Antibiotics can temporarily wipe out the gut microbiome

Prescription drugs

Dear Doctors: I got a tick bite, and because there's Lyme disease in our area, my doctor put me on antibiotics. It prevented Lyme disease, but I'm worried about what it did to my gut microbiome. How long does it take to recover? Can I do anything to help?

Dear Reader: Over the last few decades, we have become increasingly aware of how the trillions of microbes that live in the human gut support our physical and mental health. These diverse colonies of microorganisms play key roles in physiology, nutrition, digestion, metabolism, immune function, hormone balance, neural activity and disease prevention. This has led to much speculation about what happens to the gut microbiome when antibiotics are needed to control a bacterial infection.

Two things turn out to be true. One is that antibiotics save millions of lives each year. The other is that using them disrupts the complex ecosystems of the gut microbiome. This means not just a decrease in the numbers of microorganisms in the large intestine, but also a decline in their diversity.

The good news is that researchers have found the gut microbiome is resilient and, over the course of several months, will gradually recover. The speed and scope of that recovery is affected by several factors. The type of antibiotic used and how frequently play a role. Eating a fiber-deficient diet prior to antibiotic treatment also leads to a slower recovery. Older adults and infants and young children may also see a delayed return of their gut flora.

You can support the recovery of your gut microbiome in several ways. Although logic suggests taking probiotics, researchers have found this can actually delay recovery. It has been found that following a course of antibiotics, the limited numbers of bacteria in probiotic products can colonize the gut. This markedly slows the balanced return of the diverse and complex colonies of microbes that are unique to each person's microbiome.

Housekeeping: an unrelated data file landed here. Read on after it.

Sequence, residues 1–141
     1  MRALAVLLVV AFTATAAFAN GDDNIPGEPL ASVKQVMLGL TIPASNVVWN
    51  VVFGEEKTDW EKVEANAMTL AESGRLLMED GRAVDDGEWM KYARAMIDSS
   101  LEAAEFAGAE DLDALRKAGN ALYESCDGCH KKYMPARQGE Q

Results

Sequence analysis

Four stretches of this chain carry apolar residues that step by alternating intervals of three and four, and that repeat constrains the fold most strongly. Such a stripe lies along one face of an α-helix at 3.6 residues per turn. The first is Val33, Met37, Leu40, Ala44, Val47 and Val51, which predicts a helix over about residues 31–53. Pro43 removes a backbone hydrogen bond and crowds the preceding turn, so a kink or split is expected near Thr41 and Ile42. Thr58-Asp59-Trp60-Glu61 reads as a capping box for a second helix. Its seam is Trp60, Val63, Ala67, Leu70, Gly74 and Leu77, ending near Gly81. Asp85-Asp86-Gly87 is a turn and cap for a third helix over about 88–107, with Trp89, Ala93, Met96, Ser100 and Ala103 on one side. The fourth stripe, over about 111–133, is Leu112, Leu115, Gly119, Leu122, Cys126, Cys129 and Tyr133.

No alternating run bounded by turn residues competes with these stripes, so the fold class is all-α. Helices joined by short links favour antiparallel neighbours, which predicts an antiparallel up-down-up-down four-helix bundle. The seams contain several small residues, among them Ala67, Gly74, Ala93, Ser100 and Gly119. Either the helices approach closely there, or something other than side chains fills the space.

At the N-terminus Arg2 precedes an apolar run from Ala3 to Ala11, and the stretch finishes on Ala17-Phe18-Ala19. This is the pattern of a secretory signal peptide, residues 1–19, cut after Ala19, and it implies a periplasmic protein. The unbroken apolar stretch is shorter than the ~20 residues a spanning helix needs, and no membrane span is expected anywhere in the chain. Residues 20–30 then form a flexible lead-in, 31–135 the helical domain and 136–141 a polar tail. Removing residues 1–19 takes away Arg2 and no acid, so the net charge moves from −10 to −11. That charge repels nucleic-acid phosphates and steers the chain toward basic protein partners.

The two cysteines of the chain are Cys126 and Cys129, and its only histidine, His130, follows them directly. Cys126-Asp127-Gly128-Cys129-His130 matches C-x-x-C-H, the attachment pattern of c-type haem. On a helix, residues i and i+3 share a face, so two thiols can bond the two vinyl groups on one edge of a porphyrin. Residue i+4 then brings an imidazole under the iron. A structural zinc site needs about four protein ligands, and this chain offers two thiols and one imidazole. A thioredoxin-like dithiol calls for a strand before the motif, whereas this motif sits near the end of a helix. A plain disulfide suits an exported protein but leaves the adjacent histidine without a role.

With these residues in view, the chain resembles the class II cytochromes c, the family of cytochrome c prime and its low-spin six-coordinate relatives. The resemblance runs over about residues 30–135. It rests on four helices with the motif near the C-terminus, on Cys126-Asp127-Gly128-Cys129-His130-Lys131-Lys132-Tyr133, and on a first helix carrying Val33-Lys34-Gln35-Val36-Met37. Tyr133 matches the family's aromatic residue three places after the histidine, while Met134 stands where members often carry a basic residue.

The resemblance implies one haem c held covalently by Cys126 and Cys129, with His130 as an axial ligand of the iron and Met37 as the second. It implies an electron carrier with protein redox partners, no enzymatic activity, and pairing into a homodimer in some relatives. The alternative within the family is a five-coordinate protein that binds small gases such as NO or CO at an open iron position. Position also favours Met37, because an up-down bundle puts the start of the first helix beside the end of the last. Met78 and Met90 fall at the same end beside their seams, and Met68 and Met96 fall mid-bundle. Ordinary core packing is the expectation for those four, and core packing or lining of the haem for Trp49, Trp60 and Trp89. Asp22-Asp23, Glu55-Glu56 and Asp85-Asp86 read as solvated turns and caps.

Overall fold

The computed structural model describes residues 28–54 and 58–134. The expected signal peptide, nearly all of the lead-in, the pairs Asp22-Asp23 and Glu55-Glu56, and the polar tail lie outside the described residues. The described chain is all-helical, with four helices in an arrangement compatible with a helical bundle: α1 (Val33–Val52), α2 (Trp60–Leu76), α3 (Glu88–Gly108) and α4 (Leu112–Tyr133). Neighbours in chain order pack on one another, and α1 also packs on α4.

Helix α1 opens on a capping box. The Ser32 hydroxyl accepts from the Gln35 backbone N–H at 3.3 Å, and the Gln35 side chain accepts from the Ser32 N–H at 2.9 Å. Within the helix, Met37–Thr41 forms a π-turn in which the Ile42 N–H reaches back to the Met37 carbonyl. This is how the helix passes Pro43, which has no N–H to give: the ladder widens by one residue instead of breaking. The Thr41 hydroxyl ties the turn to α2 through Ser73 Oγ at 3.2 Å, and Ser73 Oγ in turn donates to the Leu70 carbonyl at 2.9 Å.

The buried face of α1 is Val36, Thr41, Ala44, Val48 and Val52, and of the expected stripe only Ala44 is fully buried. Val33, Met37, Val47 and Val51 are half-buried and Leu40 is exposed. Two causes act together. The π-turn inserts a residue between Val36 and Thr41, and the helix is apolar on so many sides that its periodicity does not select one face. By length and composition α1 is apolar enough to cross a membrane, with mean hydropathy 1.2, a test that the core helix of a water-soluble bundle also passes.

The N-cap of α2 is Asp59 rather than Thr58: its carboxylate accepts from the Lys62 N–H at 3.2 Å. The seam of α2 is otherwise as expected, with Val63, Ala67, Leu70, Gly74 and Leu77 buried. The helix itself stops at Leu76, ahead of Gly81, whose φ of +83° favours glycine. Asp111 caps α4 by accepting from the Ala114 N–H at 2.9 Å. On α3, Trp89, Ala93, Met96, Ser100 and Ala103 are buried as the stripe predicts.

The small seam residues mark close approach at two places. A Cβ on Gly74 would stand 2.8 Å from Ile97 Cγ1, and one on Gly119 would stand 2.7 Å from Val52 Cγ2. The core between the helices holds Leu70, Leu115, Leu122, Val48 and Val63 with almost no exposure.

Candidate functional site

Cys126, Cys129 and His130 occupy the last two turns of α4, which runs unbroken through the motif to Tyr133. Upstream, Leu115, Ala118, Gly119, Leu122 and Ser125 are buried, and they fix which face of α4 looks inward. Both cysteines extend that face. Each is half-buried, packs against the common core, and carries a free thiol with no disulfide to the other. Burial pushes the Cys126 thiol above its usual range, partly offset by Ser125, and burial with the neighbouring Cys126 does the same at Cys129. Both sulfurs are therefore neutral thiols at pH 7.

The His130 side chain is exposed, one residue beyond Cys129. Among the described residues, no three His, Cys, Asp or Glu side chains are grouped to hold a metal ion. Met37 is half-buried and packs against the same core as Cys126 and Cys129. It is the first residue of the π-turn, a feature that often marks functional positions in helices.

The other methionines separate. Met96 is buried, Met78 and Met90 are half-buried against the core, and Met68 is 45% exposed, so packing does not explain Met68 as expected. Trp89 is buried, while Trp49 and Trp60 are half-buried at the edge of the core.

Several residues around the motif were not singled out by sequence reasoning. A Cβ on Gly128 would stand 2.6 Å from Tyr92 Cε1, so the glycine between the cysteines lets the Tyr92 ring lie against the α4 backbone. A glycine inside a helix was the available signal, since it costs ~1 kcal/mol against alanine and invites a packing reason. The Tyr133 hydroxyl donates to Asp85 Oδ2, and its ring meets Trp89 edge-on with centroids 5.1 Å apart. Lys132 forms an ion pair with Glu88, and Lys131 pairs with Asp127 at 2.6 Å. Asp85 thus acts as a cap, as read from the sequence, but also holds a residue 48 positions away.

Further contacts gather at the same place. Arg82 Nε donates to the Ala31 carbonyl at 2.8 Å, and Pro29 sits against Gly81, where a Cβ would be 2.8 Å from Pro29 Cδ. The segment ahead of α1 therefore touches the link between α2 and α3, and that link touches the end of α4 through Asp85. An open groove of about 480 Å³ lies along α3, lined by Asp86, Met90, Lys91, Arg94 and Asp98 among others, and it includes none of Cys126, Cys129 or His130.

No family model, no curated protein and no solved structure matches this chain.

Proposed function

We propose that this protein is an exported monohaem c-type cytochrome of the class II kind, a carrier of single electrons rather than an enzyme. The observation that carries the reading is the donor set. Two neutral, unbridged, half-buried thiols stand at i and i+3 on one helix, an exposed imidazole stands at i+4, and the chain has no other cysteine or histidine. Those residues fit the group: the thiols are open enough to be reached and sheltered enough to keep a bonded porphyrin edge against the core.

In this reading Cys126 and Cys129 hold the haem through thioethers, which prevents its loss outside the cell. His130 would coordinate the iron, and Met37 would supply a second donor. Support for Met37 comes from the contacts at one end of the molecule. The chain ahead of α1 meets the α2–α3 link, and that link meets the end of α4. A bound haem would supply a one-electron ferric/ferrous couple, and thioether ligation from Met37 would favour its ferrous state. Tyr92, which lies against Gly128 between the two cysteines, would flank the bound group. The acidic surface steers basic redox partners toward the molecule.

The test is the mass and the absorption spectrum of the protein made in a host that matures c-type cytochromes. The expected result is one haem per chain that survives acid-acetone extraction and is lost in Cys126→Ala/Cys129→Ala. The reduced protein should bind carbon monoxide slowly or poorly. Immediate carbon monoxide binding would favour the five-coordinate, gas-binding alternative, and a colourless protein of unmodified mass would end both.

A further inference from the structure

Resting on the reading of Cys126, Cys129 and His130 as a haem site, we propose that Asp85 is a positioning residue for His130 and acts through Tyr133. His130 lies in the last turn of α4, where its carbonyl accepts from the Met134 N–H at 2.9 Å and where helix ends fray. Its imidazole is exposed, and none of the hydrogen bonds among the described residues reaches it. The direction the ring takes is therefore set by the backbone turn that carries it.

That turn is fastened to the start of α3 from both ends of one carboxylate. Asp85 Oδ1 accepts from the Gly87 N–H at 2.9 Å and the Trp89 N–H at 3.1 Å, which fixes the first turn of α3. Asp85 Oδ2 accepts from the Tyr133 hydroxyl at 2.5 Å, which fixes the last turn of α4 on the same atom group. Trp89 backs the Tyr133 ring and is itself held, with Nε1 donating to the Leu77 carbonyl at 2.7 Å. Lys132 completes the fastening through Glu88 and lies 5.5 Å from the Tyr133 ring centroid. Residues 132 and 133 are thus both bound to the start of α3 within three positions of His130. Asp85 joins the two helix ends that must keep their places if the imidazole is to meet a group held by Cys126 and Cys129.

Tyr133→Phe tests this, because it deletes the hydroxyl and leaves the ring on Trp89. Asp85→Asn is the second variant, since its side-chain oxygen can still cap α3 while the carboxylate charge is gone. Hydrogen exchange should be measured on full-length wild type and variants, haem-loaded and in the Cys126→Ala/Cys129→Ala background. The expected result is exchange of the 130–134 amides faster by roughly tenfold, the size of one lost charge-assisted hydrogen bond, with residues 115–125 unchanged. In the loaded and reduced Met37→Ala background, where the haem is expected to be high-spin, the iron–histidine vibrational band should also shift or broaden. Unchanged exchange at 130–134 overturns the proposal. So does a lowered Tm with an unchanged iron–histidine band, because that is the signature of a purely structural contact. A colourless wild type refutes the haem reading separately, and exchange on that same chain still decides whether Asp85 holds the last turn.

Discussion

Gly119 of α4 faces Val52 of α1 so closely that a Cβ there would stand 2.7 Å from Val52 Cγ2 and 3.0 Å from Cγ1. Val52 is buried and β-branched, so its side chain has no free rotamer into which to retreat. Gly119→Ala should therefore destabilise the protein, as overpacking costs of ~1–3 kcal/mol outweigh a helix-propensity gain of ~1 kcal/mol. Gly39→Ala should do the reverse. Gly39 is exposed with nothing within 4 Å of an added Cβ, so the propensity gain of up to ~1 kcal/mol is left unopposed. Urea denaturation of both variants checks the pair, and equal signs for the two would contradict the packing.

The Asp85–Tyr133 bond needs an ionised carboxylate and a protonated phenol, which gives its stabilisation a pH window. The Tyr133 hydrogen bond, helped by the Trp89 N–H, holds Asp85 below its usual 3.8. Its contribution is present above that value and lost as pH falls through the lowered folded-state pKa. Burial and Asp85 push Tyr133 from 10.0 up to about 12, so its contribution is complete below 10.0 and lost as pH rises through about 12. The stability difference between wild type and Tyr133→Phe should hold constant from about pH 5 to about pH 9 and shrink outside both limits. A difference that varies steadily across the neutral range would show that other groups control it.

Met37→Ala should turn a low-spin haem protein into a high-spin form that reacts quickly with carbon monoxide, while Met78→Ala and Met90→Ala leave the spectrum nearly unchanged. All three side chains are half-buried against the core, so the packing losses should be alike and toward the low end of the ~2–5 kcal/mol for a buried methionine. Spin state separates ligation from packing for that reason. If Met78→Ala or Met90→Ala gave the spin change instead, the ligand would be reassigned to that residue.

A more effective approach is to feed your gut -- literally. Concentrate on a wide and varied range of prebiotic foods. These include the fresh vegetables, leafy greens, legumes, nuts and fruit that contain the fiber and micronutrients our gut flora thrive on. Include plenty of fermented foods, as well, such as yogurt, kefir, kombucha, pickles, miso and sauerkraut. Be sure to choose products with live cultures.

Physical activity has been shown to greatly improve gut health. Choose a well-rounded program of aerobic activity to get your heart pumping, strength training to build muscle strength and activities to enhance and preserve flexibility and agility.

Studies show environmental factors also play a significant role in healing an injured gut. This includes being around and interacting with animals, gardening and spending time outdoors and in nature. These expose you to a wide array of the “good” microbes that help boost gut diversity. So does being among other people who share their microbes with every breath, kiss, hug and handshake.

There are no shortcuts to good gut health. Eat well, take care of yourself and be patient. Your gut will thank you.

(Send your questions to [email protected], or write: Ask the Doctors, c/o UCLA Health Sciences Media Relations, 10960 Wilshire Blvd., Suite 1955, Los Angeles, CA, 90024. Owing to the volume of mail, personal replies cannot be provided.)

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